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67 Description A modern roundabout is a form of circular intersection in which traffic circulates counter- clockwise around a central island and entering traffic yields to circulating traffic (1). This technique is intended to reduce the delay and crashes associated with signalized intersections. Tables 47 through 50 follow. Quantitative Analysis Methods Motor Vehicle Operations Methods in Chapter 22 in the HCM6 can be used to estimate delay, capacity, queues, and other performance measures for motor vehicles at roundabouts (5). Those performance values can be compared with performance values for other intersection forms by using the appropriate HCM6 chapters for those intersections. Motor Vehicle Safety The table from the HSM, displayed on Page 68, provides crash modification factors related to converting a signalized intersection into a modern roundabout (2). The HSM also provides table data on crash modification factors related to converting a minor road, stop-controlled intersection into a modern roundabout (2). C H A P T E R 1 4 Roundabouts Source: Photograph provided by Washington State DOT.
68 Guide for the Analysis of Multimodal Corridor Access Management Access Management Technique Performance Trends and Documented Performance Relationships Operations Safety Install roundabout in lieu of traffic signal. â â â â â â â â Â Â Â Â Â Â Â Â Â Â Table 47. Multimodal operations and safety performance summary. Mode Operations Safety For identical traffic volumes, roundabouts operating within their capacity will generally produce lower delays (1). Facilitates U-turns (1). Random departure pattern at exits breaks up traffic progression and may reduce available gaps for midblock turns (1). The motorized vehicle crash rate is lower, and the injury crash rate is substantially lower (2). Depending on driver-yielding behavior, pedestrians may experience reduced delay relative to a traffic signal-controlled intersection (3). Longer travel distance through a roundabout than at a conventional signalized intersection. Fewer vehicleâpedestrian conflict points, shorter crossing distances per crossing, and lower vehicle speeds improve pedestrian safety (1). Visually impaired pedestrians may experience difficulty crossing roundabout approaches, as circulating traffic may mask the sound of exiting traffic (1). Longer travel distance through a roundabout than at a conventional signalized intersection, but potentially easier left-turning maneuvers. Fewer vehicleâbicycle conflict points and vehicle speeds similar to bicycle speeds improve safety, but separate bicycle facilities may be required at higher vehicular and bicycle volumes (1). Multi- lane roundabouts can be challenging for bicyclists (1). Precludes ability to provide a far-side stop where a single-lane exit is used unless a bus pullout is provided (1). Bus pullouts introduce delay for buses re-entering the roadway (4). No documented effect beyond that generally observed for motor vehicle and pedestrian traffic. Circulatory roadway and truck apron width should accommodate the design vehicle (1). No documented effect beyond that generally observed for motor vehicle traffic. Table 48. General trends associated with installing a roundabout in lieu of a traffic signal. Intersection Type Crash Severity Crash Modification Factor Urban, 1 or 2 lanes All 0.99 Injury 0.40 Suburban, 2 lanes All 0.33 All settings, 1 or 2 lanes All 0.52 Injury 0.22 Source: Highway Safety Manual, 1st ed., Table 14-3 (2). Table 49. Crash modification factors related to conversion of a signalized intersection into a roundabout.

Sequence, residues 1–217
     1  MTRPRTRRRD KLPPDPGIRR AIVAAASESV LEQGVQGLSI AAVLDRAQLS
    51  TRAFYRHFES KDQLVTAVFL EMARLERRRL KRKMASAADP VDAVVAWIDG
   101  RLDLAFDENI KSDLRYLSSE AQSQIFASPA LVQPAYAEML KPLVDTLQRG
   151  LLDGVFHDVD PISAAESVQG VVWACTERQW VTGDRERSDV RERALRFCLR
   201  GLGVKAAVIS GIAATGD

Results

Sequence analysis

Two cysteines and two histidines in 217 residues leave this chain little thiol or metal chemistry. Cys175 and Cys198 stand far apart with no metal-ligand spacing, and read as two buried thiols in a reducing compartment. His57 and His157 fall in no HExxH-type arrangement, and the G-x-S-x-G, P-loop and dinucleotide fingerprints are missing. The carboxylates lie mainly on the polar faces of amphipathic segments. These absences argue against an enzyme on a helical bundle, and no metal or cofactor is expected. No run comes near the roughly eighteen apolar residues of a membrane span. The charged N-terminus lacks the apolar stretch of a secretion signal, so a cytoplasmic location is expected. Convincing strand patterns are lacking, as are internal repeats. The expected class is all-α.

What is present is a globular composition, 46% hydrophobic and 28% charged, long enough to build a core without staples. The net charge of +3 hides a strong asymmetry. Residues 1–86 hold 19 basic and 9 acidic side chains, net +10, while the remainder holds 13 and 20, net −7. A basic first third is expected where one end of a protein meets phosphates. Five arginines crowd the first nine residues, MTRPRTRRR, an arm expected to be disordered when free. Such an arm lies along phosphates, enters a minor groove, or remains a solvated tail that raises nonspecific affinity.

Roundabouts 69 Pedestrian Operations The pedestrian method in Chapter 2 in the HCM6 can be used to evaluate pedestrian delay when crossing roundabout approaches. The use of a local value for driver-yielding behavior will produce the accurate results (5). Bicycle Operations Bicycles traveling through a roundabout as vehicles (i.e., using the circulatory roadway) will experience control delays similar to that of motorized vehicles. Bicycles traveling through the roundabout as pedestrians, or using a shared-use path around the exterior of the roundabout, will experience control delays similar to pedestrians (5). Additional Information â¢ Chapters 1 and 2 in this guide. â¢ Access Management Manual, Second ed.: Section 20.5.3. â¢ Access Management Application Guidelines: Chapter 14, Roundabout Access Spacing. References 1. Rodegerdts, L., J. Bansen, C. Tiesler, J. Knudsen, E. Myers, M. Johnson, M. Moule, B. Persaud, C. Lyon, S. Hallmark, H. Isebrands, R. B. Crown, B. Guichet, and A. OâBrien. NCHRP Report 672: Roundabouts: An Informational Guide, Second ed. Transportation Research Board of the National Academies, Washington, D.C., 2010. 2. Highway Safety Manual, 1st ed. American Association of State Highway and Transportation Officials, Washington, D.C., 2010. 3. Dixon, K. K., R. D. Layton, M. Butorac, P. Ryus, J. L. Gattis, L. Brown, and D. Huntington. Access Management Application Guidelines. Transportation Research Board, Washington, D.C., 2016. 4. Kittelson & Associates, Inc.; Parsons Brinckerhoff; KFH Group, Inc.; Texas A&M Transportation Institute; and Arup. TCRP Report 165: Transit Capacity and Quality of Service Manual, 3rd ed. Transportation Research Board of the National Academies, Washington, D.C., 2013. 5. Highway Capacity Manual: A Guide for Multimodal Mobility Analysis, 6th ed. Transportation Research Board, Washington, D.C., 2016. Intersection Type Crash Severity Crash Modification Factor All settings, 1 or 2 lanes All 0.56 Injury 0.18 Rural, 1 lane All 0.29 Injury 0.13 Urban, 1 or 2 lanes All 0.71 Injury 0.19 Urban, 1 lane All 0.61 Injury 0.22 Urban, 2 lanes All 0.88 Suburban, 1 or 2 lanes All 0.68 Injury 0.29 Suburban, 1 lane All 0.22 Injury 0.22 Suburban, 2 lanes All 0.81 Injury 0.32 Source: Highway Safety Manual, 1st ed., Table 14-4 (2). Table 50. Crash modification factors related to conversion of a minor road, stop-controlled intersection into a roundabout.